Euro zone business activity grew at its weakest pace in five months in September as curbs to limit the Delta variant of coronavirus hit demand and supply-chain constraints pushed input costs to a more than two-decade high, a survey showed today.

Despite infection rates slowing significantly over the past month, most remaining restrictions are unlikely to be lifted anytime soon in major economies, including Germany and France, on concerns over how Covid might develop in the future.

IHS Markit's Flash Composite Purchasing Managers' Index, a good gauge of overall economic health, fell to a five-month low of 56.1 in September from 59 in August.

Although it stayed above the 50 level separating growth from contraction for the seventh consecutive month, it was well below a Reuters poll estimate of 58.5.

"September's flash PMI highlights an unwelcome combination of sharply slower economic growth and steeply rising prices," said Chris Williamson, chief business economist at IHS Markit, in a statement.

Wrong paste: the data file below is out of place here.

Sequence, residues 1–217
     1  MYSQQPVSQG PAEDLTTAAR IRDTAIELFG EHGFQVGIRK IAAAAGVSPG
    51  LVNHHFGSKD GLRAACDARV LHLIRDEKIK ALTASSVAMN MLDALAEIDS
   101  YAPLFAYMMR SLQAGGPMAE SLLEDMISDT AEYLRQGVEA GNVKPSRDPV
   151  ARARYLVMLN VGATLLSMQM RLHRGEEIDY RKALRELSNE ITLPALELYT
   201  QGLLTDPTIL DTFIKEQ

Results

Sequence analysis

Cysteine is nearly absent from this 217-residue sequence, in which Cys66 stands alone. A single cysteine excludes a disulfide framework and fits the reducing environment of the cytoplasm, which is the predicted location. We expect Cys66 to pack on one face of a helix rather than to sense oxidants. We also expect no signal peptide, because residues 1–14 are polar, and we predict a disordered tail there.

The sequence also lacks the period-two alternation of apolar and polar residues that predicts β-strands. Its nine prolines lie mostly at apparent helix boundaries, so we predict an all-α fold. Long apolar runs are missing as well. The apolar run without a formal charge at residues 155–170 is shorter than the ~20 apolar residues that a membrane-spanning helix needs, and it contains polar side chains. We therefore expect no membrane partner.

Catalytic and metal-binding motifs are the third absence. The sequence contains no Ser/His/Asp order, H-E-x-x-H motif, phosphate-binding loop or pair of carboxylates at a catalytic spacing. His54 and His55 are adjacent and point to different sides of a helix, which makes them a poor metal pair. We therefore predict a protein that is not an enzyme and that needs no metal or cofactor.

"Growth looks likely to weaken further in coming months if the price and supply headwinds show no signs of abating, especially if accompanied by any rise in virus cases as we head into the autumn," he added.

A sub-index tracking input costs hit 70.5, its highest in more than two decades.

That suggests supply distortions - one of the main drivers of prices throughout the globe over past months - are far from resolved and the trend of higher inflation is here to stay at least for a few months to come.

Indeed, optimism about future output fell to an eight-month low. That contrasts with improving consumer confidence, according to the latest European Commission data.

A PMI covering the bloc's dominant service industry tumbled to 56.3 in September from 59 in August, its lowest since May and significantly below the Reuters poll forecast of 58.5.

New business - a measure that tracks demand in the sector - expanded at its slowest pace in five months.

Also, the manufacturing PMI declined to 58.7 from 61.4 in August, its lowest since February and below the Reuters poll forecast of 60.3. An index measuring output that feeds into the composite PMI fell to 55.6 from 59, the weakest in eight months.

Weakening demand led firms to hire at the slowest pace in six months. Meanwhile, backlogs of work expanded at a robust pace again, signaling worsening supply constraints.